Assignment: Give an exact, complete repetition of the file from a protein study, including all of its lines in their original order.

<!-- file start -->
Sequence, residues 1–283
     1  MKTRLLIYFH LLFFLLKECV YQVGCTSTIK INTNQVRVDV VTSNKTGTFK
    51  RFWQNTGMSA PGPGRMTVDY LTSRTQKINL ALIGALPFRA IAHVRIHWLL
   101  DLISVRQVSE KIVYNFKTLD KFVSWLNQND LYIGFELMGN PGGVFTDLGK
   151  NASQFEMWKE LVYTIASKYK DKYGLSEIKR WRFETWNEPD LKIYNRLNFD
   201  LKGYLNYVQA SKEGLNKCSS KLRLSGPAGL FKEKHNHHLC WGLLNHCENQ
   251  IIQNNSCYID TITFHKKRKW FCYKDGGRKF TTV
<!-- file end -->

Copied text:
Sequence, residues 1–283
     1  MKTRLLIYFH LLFFLLKECV YQVGCTSTIK INTNQVRVDV VTSNKTGTFK
    51  RFWQNTGMSA PGPGRMTVDY LTSRTQKINL ALIGALPFRA IAHVRIHWLL
   101  DLISVRQVSE KIVYNFKTLD KFVSWLNQND LYIGFELMGN PGGVFTDLGK
   151  NASQFEMWKE LVYTIASKYK DKYGLSEIKR WRFETWNEPD LKIYNRLNFD
   201  LKGYLNYVQA SKEGLNKCSS KLRLSGPAGL FKEKHNHHLC WGLLNHCENQ
   251  IIQNNSCYID TITFHKKRKW FCYKDGGRKF TTV